Market Insider

Stock pickers are getting too confident and that may be a bad sign for the rally

Key Points
  • Citigroup strategists said stock pickers may be too complacent, happily buying their favorite names but ignoring the big risks that could hurt the whole market.
  • The strategists point out that the top 50 stocks by market cap are no longer very correlated to each other, which shows that fund managers are increasingly comfortable with individual stock stories and not anxious about macro events.
  • The strategists say they still see room for upside in the shift into cyclical and value stocks, but that trade is so widely adopted that it now has limited upside.
Traders and financial professionals work on the floor of the New York Stock Exchange.
Drew Angerer | Getty Images News | Getty Images

Investors may be just too comfortable picking individual stocks, and ignoring the macro risks that could derail the rally and broadly hit all of the market's names.

Citigroup strategists, in a note, said they are concerned stock pickers have become overly confident. They said the correlation between the top 50 stocks by market cap has dropped below 10%. That suggests that fund managers have become laser focused on individual stock stories and are not too worried about other looming risks.

Take Microsoft, for instance. It is the darling of hedge funds and mutual funds alike, and it has gained more than 48% year to date, compared with the S&P 500's 26%. Other favorites are not so correlated to Microsoft, or even the S&P 500. Alphabet is well behind Microsoft's gains and is up about 30%, while popular name Amazon is up only 16.4%.

"There's nothing inherently wrong with being a stock picker but there is reason to worry when almost everyone thinks they are good at choosing the winning equities when past evidence suggests otherwise," wrote the strategists, led by Citigroup's chief U.S. equity strategist, Tobias Levkovich.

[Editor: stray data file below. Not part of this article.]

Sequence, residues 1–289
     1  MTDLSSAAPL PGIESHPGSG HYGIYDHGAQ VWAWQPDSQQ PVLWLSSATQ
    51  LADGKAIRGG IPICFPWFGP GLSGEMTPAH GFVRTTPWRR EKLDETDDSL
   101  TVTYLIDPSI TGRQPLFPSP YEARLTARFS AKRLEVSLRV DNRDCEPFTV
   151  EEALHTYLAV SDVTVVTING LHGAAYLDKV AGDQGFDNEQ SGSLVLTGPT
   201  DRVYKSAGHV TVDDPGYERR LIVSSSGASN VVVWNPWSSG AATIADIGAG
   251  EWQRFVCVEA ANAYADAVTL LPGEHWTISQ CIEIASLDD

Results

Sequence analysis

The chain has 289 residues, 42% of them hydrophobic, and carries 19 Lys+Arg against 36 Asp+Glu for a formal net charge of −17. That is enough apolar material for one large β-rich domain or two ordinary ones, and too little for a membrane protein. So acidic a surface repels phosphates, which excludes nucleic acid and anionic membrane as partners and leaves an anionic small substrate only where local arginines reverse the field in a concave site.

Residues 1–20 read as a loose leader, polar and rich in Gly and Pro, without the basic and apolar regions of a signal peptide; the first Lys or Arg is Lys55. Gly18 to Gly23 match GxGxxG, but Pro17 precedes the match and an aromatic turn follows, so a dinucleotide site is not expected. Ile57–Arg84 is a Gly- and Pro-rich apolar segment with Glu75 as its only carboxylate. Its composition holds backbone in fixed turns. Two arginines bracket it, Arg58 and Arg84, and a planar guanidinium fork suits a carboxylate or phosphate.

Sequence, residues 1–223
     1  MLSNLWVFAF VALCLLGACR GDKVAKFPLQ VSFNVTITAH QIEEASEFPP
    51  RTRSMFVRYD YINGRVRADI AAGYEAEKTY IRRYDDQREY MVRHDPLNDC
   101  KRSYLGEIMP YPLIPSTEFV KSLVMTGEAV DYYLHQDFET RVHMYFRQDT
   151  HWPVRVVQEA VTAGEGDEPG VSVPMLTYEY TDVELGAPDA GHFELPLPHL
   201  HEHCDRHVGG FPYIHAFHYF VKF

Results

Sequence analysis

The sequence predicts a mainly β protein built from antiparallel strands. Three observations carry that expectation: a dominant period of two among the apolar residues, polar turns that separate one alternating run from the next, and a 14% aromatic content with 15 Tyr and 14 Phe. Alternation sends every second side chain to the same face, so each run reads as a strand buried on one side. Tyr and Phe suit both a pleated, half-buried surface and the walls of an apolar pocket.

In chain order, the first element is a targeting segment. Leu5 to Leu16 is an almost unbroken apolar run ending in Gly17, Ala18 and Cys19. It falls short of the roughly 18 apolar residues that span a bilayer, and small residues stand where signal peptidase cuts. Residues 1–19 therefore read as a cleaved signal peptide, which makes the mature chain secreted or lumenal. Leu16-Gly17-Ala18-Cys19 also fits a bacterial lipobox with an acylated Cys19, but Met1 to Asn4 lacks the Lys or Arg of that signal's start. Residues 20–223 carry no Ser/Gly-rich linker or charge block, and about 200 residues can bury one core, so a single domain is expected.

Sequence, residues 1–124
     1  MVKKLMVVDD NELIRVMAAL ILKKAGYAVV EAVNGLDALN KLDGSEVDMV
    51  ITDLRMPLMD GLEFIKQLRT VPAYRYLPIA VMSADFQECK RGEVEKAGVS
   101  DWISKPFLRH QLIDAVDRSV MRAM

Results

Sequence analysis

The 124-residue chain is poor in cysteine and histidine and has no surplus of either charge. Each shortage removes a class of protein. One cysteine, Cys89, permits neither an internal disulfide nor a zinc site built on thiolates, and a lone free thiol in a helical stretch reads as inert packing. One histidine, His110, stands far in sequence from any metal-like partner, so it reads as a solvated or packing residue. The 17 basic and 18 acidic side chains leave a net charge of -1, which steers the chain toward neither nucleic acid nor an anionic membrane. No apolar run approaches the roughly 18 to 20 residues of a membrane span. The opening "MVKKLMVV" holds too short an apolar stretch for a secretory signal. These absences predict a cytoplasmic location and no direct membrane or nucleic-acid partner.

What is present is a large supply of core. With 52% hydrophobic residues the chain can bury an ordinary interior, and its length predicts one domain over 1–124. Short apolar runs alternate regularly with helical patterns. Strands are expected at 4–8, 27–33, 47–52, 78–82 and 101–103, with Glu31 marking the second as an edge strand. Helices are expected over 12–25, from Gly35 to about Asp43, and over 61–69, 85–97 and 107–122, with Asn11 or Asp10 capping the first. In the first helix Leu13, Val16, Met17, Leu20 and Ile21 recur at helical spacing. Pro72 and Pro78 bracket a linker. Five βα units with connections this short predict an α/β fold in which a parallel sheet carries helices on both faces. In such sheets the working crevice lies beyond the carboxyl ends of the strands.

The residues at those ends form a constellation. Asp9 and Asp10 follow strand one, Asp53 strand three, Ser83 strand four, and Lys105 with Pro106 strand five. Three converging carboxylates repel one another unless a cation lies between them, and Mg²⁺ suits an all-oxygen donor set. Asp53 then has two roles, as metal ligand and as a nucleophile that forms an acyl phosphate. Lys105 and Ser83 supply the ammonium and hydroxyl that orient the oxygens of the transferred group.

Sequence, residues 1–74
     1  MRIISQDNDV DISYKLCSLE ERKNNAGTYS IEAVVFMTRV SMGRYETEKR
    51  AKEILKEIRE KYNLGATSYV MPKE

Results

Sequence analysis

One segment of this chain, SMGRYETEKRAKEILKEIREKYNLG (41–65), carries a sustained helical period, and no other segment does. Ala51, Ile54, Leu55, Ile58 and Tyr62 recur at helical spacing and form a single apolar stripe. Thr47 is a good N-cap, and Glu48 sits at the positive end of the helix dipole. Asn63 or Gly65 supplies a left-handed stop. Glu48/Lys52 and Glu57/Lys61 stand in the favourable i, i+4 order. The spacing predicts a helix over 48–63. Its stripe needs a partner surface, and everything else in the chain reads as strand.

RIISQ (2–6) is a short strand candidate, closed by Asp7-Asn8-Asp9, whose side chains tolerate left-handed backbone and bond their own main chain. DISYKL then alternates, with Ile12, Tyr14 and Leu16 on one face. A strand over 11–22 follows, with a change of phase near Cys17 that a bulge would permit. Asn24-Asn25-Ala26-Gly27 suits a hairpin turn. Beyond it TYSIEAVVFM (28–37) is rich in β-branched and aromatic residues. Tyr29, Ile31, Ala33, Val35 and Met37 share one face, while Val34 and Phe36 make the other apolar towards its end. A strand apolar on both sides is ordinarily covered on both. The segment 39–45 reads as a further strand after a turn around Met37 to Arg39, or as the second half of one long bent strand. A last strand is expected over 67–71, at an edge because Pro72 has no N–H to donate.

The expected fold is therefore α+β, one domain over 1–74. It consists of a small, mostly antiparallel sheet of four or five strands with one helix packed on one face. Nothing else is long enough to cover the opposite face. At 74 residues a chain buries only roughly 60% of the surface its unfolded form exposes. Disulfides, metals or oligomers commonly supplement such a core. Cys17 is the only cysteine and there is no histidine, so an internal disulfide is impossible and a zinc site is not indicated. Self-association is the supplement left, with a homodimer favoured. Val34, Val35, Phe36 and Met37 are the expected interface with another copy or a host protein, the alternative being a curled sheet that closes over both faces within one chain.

On the other hand, when correlations are very high, that is associated with broad sell-offs where investors toss good companies out along with problem firms.

"That kind of activity creates share price dislocations and thereby an opportunity to buy. In contrast, low correlation often suggest growing risk and the data has dropped from near 70% several weeks back to single digits currently," the analysts said.

They said the "easy money" may have been made already. "As the market climbs, it becomes hard to fight the tape, especially this late in the year when seasonal patterns argue for further gains," they noted.

The strategists said there is still upside in the rotation into cyclicals and value stocks. "Even that style shift is becoming more widely accepted on the Street and hence less controversial, limiting its relevant outperformance too," the strategists wrote.

They also noted their proprietary panic/euphoria model is now in neutral mode, after being at near panic levels six weeks ago, when stocks were selling off in early October.